Titled “A Young Boy Fishes for Dinner,” it makes use of a dizzying number of action verbs to propel the story forward ( in bold face below), and similes that made me smile ( in italics) with their inventiveness.
Similes compare two unlike things, often using “like” or “as.” A while ago I held a contest on writing them. Below, notice how Wells dispensed with either “like” or “as” in the first simile.
I won’t paste the whole story in here, but I sure loved the way it began:
“First we’ll get the grill going hotter than a blacksmith’s forge. We’ll strip the papery wrappers from the tomatillos and lay them above the coals alongside planks of onion and a chili pepper, maybe two. I’ll flip the vegetables as they sear, and as usual, the tongs won’t be long enough to keep my hands from scorching like bare feet on the beach parking lot. The onions will char, then the peppers. The tomatillos will fight the heat, blistering in anger and spitting juice at the hissing coals, then they’ll give up and collapse in on themselves. They go back indoors, into the blender.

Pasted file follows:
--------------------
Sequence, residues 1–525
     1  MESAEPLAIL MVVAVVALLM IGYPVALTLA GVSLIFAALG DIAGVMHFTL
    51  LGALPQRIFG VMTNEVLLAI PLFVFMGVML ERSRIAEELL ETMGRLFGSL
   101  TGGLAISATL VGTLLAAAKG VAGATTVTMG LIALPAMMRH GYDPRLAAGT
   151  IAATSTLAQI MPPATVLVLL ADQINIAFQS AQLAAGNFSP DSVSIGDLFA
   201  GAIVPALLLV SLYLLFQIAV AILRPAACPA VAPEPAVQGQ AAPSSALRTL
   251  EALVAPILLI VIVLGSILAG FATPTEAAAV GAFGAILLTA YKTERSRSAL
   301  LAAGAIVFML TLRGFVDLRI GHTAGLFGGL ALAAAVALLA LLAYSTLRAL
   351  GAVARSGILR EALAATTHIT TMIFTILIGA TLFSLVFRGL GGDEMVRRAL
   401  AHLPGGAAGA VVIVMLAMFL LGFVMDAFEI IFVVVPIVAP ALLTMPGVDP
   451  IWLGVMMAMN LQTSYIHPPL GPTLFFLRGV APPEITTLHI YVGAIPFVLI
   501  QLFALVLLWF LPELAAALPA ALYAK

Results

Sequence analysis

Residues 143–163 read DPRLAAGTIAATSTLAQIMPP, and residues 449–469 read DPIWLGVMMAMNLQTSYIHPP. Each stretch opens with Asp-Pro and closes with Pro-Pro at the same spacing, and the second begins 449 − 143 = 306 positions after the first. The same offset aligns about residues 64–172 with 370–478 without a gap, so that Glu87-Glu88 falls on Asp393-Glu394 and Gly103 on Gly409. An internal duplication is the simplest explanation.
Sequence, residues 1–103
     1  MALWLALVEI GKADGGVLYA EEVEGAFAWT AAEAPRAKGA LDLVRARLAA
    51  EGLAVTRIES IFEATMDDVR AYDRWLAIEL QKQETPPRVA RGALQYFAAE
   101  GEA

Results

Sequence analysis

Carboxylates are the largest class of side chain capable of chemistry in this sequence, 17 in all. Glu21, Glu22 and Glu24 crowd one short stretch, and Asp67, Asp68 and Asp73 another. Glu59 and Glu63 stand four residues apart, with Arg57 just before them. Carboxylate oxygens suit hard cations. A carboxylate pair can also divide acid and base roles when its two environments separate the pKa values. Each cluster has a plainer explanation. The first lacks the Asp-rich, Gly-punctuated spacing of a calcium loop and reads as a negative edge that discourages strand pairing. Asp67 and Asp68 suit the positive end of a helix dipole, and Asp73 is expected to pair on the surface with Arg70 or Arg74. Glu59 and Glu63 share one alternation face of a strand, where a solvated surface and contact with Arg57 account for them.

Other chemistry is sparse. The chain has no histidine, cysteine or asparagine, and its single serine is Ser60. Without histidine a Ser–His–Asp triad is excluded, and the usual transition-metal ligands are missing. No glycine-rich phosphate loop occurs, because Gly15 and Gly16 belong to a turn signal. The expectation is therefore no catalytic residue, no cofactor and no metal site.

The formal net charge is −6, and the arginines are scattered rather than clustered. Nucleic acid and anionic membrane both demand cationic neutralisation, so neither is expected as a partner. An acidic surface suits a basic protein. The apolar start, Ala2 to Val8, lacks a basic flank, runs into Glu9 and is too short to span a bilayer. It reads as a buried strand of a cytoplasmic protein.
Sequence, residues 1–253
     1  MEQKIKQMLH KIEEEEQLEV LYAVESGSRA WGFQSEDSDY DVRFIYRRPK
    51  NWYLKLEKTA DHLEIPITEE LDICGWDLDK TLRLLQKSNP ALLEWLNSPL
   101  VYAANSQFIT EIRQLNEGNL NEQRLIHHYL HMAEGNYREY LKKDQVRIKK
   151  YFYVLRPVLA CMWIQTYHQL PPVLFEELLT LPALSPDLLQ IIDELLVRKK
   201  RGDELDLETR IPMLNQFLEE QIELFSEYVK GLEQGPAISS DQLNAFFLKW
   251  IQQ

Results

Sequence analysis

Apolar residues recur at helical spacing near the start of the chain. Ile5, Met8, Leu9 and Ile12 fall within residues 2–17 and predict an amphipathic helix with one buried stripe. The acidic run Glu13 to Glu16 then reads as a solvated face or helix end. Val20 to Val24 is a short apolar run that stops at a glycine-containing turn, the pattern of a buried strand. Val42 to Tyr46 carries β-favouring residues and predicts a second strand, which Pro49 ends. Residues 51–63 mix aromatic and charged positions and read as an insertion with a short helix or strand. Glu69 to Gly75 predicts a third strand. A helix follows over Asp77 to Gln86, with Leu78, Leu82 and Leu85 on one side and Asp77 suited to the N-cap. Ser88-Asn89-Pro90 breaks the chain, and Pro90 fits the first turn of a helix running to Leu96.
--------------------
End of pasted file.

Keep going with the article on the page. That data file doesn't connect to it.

“Quickly, before the coals dim, I’ll chop the peppers and onions and a bunch of cilantro. Stir it all together, and there’s a salsa. Now to cook the fish. It’s a bluefish, an entire side, big enough to feed the whole family and some stray friends. Onto the grill it goes, skin up. We’ll close the lid so the smoke insinuates itself into the oily fillet. Turn it once. My sons will hover like thirsty mosquitoes. Now it will be time to spoon grilled salsa verde over our dinner, the freshest bluefish we’ve ever eaten and the first one landed by Dexter, our proud 6-year-old.”
Now, take a look at a 200-word sample of your own work. Let’s do a little math here. Wells employed more than 20 action verbs, over one every 10 words. And three similes.
How does your writing compare? Is it heavier on the adjectives? I see just a few here, including papery, oily, stray, freshest.
If you’ve got a great example of your own power writing, lay a little sample on me. If not, simply admire a how a pro crafts a first person piece.